Carbon emissions are one of the main contributors to global warming. In an effort to mitigate the effects of climate change, scientists have developed ways to lessen the amount of carbon dioxide in the atmosphere, working to literally capture the carbon and remove it.
Carbon capture reduces the amount of carbon in the atmosphere during the processes that normally put it there. Carbon capture technology allows emitters like power plants and industrial manufacturers to continue their processes without putting more carbon dioxide into the atmosphere.
Below are some of the ways scientists have developed to manage carbon levels in Earth’s atmosphere.
Carbon capture and storage (CCS)
Carbon capture and storage is a technology that is able to capture up to 90 percent of the carbon dioxide emissions from fossil fuels and preventing them from entering Earth’s atmosphere. These emissions are byproducts of industrial processes electricity generation.
When used with reusable biomass CCS is one of the few carbon abatement technologies that can remove carbon dioxide from the atmosphere, making it carbon negative.
The CCS process consists of three parts:
- Capture: Capture technologies allow carbon dioxide to separate from gases produced in industrial processes and electricity generation. Carbon dioxide is separated in one of three ways: pre-combustion capture, post-combustion capture or oxyfuel combustion.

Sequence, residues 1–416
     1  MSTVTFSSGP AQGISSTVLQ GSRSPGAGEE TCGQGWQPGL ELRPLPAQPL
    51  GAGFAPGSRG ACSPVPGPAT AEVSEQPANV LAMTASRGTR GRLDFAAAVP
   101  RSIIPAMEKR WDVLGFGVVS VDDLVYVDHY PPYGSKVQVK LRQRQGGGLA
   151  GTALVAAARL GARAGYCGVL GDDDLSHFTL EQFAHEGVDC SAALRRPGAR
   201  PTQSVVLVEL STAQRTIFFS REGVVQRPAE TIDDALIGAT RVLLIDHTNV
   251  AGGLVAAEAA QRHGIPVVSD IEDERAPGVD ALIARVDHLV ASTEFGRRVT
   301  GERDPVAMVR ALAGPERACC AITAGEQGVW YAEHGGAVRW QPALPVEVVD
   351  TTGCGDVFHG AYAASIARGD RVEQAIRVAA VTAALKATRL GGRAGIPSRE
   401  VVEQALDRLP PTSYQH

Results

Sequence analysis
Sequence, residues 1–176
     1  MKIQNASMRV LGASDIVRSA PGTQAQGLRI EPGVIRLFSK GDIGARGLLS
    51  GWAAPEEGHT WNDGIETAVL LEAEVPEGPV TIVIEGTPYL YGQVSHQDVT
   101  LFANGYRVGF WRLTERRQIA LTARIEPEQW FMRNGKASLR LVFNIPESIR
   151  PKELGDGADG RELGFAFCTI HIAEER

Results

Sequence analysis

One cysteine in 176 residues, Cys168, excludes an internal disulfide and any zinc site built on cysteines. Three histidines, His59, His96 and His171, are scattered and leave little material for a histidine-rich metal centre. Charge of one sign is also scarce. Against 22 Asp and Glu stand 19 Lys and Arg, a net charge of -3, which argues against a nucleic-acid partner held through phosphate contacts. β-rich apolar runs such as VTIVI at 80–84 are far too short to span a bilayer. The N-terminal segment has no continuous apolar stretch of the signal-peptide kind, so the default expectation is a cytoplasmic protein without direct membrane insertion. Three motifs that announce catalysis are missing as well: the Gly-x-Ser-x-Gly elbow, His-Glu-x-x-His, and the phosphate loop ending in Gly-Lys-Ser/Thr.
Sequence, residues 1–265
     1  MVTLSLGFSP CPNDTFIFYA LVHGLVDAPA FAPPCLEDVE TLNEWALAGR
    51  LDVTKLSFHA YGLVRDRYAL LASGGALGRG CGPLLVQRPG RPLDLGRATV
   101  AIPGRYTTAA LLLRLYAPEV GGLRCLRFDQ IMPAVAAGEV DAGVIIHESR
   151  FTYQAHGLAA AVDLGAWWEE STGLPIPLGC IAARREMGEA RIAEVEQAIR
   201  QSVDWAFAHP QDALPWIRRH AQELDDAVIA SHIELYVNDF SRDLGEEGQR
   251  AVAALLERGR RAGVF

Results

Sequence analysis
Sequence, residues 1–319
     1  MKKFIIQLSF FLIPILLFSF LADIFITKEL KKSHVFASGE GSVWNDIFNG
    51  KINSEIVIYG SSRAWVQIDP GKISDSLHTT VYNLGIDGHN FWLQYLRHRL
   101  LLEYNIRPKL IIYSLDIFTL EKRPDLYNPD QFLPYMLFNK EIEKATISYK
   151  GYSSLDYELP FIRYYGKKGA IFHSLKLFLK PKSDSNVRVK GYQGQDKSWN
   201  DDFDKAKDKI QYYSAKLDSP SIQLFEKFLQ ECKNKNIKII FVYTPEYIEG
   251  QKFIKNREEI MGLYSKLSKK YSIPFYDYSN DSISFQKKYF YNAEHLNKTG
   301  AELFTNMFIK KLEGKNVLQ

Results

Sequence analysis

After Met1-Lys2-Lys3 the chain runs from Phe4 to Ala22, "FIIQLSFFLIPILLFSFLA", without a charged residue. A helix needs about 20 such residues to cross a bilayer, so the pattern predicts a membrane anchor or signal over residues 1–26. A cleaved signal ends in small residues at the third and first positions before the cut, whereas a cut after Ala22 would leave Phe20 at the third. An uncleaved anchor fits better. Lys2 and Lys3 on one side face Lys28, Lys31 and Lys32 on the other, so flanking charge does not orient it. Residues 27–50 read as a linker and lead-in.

- Transportation: Once captured, carbon dioxide is transferred via pipeline or ship to where it will be stored safely. Millions of tonnes of carbon dioxide is already transported annually, and has been transported for enhanced oil recovery projects for 40 years.
- Storage: Carbon dioxide is then stored in a geological rock formation securely located several kilometers below the Earth’s surface.
Shell Canada’s Quest carbon capture facility in Fort Saskatchewan Alta, north of Edmonton, recently reached a milestone four million tonnes of stored carbon dioxide. This is the equivalent of the annual emissions of one million cars. The milestone is ahead of schedule, and was achieved at a lower cost than anticipated. According to Shell, the Quest facility has stored more carbon dioxide than similar projects and is doing it at a higher annual rate.
Carbon capture, utilization and sequestration (CCUS)
CCUS is a system that is capable of energy generation and hydrogen (H₂) production while eliminating carbon dioxide. The Na-CO₂ system continuously produces electrical energy and hydrogen through CO₂ conversion. Chemically stable carbon dioxide molecules are converted to other materials.
The researchers who developed the system were inspired by the process of some carbon dioxide converting to acid when absorbed by the ocean. They decided to convert carbon dioxide into water to induce an electrochemical reaction. Scientists created a battery system that eliminates CO₂ when injected in water and creates electricity and H₂. The conversion efficiency of carbon dioxide is 50 percent.
The conversion process can remain stable for more than 1,000 hours without damaging electrodes. The system can also remove carbon dioxide by inducing voluntary chemical reactions.
To learn more about sustainable energy, contact one of the Soil Advocates Team at email@example.com or 289-221-0164.